New Viewings #35, Curated by Ksenia Jakobson and Asya Yaghmurian / Do You Ever Just Ascend?

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New Viewings #35, Curated by Ksenia Jakobson and Asya Yaghmurian / Do You Ever Just Ascend?

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New Viewings #35, Curated by Ksenia Jakobson and Asya Yaghmurian / Do You Ever Just Ascend?

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Do You Ever Just Ascend?(1)

The struggle is real.
Do You Ever Just Ascend? is an exercise in reflection on identity. We are living through the moment when identity politics became a tool of division, through which the intensity and precariousness of late capitalist work culture have left us in a state of simultaneous exhaustion and overstimulation.(2) As the Western paradigm keeps proving to have fundamental faults we turn to identity for insights into ourselves.
In Do You Ever Just Ascend? each exhibition offers a profoundly personal take on identity, on working through it, unlearning and learning from it, challenging it.
The central point lies not in the recognition or affirmation of identity, but rather in its destabilisation. Exploring the revolutionary potential of self-abolition of identity offers a hopeful promise of the future, even as it is slowly being cancelled.(Ibid) After all, as Negri puts it, revolutionary politics has to start from identity but cannot end there.(3)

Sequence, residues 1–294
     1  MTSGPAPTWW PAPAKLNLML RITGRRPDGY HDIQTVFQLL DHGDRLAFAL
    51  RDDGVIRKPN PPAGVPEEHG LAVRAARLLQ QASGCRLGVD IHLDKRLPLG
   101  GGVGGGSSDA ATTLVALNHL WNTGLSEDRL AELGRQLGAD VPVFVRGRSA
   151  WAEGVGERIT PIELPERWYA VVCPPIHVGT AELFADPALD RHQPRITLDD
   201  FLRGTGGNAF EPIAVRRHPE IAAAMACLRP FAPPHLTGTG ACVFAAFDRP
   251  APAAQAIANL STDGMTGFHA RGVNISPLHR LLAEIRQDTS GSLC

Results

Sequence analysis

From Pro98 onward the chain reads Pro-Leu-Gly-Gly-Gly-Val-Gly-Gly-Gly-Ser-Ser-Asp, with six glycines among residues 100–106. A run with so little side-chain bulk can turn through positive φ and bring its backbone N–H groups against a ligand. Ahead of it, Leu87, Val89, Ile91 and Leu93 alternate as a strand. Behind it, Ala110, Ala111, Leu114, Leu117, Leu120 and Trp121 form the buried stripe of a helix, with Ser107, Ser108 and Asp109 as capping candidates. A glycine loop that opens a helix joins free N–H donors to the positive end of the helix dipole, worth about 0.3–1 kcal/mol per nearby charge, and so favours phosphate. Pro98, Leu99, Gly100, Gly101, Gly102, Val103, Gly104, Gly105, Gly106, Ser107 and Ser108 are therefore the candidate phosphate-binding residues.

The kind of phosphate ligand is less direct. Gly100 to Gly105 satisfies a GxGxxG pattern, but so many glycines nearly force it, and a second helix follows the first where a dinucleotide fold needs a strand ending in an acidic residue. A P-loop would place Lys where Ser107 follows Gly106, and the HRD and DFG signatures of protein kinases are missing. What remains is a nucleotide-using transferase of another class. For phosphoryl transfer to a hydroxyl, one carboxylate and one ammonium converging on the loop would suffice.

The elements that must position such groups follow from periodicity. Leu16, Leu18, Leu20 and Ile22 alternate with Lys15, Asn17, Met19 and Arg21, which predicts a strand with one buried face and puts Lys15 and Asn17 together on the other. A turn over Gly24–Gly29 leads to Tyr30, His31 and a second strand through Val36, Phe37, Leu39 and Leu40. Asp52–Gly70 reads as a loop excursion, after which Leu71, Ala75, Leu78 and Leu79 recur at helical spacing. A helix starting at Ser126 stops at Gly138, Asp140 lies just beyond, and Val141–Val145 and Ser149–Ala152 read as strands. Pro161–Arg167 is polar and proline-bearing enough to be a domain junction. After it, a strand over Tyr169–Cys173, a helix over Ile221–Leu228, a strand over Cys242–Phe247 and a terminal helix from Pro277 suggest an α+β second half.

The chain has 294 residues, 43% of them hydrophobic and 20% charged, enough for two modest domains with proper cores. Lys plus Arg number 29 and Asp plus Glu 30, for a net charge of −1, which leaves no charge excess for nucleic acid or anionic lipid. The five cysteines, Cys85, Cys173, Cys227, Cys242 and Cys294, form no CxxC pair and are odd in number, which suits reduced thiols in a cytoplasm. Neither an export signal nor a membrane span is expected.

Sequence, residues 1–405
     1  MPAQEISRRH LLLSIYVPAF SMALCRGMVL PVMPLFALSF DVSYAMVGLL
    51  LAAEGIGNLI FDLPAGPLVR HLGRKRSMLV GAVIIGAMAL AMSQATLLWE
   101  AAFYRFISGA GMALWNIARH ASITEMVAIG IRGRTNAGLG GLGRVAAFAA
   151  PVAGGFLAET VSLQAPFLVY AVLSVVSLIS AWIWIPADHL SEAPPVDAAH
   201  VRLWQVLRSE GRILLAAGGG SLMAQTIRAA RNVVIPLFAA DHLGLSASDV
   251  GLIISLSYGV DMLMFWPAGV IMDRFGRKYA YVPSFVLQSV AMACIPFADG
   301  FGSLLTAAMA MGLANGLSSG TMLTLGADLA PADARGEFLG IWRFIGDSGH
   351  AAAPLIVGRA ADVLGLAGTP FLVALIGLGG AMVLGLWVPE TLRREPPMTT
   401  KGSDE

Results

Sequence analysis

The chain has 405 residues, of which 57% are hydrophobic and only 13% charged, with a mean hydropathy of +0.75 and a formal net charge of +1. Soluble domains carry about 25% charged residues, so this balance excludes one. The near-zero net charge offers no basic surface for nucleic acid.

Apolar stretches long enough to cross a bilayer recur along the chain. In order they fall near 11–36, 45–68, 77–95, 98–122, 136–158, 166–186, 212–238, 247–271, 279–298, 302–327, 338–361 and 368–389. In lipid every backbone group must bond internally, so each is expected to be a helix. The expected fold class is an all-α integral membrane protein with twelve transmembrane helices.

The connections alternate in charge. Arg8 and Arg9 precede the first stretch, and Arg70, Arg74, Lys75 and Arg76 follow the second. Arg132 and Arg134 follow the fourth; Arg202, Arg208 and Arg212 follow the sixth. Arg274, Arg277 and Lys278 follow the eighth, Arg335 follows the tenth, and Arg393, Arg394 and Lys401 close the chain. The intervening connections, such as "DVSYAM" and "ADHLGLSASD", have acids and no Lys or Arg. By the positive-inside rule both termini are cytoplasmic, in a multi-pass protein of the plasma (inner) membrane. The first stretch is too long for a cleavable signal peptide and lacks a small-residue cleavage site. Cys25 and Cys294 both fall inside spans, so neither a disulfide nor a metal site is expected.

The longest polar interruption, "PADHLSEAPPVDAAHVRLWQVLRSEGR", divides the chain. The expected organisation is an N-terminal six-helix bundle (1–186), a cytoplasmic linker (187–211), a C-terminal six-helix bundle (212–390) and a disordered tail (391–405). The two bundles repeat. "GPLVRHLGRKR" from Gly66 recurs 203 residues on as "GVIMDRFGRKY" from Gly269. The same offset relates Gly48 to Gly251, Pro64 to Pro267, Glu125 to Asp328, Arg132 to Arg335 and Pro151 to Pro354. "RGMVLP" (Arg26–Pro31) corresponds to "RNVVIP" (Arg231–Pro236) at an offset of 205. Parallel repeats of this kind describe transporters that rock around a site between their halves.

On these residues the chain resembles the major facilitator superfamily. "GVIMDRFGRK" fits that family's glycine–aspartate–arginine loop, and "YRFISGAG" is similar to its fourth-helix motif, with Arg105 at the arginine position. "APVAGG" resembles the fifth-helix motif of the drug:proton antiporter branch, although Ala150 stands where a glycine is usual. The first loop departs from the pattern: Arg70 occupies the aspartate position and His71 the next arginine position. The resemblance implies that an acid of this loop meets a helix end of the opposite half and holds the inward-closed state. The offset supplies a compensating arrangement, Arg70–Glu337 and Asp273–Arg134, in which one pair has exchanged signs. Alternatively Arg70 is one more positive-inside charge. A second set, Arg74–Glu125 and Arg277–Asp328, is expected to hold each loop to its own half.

In the past couple of decades, identity politics has replaced economic issues as the defining narrative in politics.(4) Today, the notion of identity penetrates all realms of life – from personal to political and beyond. In the utopian safe space of the gallery, four artistic perspectives unfold in four distinct ways, as they touch on questions of personal history, dogmatic knowledge, political struggle and mythology. Since identity is not a fixed construct, maybe just for a moment, let us lose who we are to discover who we can become.

Ksenia Jakobson and Asya Yaghmurian

Shalva Nikvashvili

CEMENT FIELDS, 2021. Installation view. Dimensions variable

We (Asya Yaghmurian and Ksenia Jakobson) have invited Shalva Nikvashvili and he didn’t come alone. For the exhibition CEMENT FIELDS he has summoned six characters, who have been patiently waiting to tell their story.

CEMENT FIELDS is about the work of mourning and memory – be it personal, collective or cultural. Mourning offers a way to process past trauma through memorial practices. An essential part of mourning is the desire to know, to share the pain and express it clearly, not necessarily to make sense of it, but to tell the story. In order for the work of mourning to be complete, what has been dug up needs to become public.

Although Nikvashvili’s characters are profoundly personal, they are also strangely familiar, they are the familiar as strange, the strange within the familiar. These personae exist in the paradigm of the weird and the eerie. As Mark Fisher puts it, the weird and the eerie allow us to see the inside from the perspective of the outside.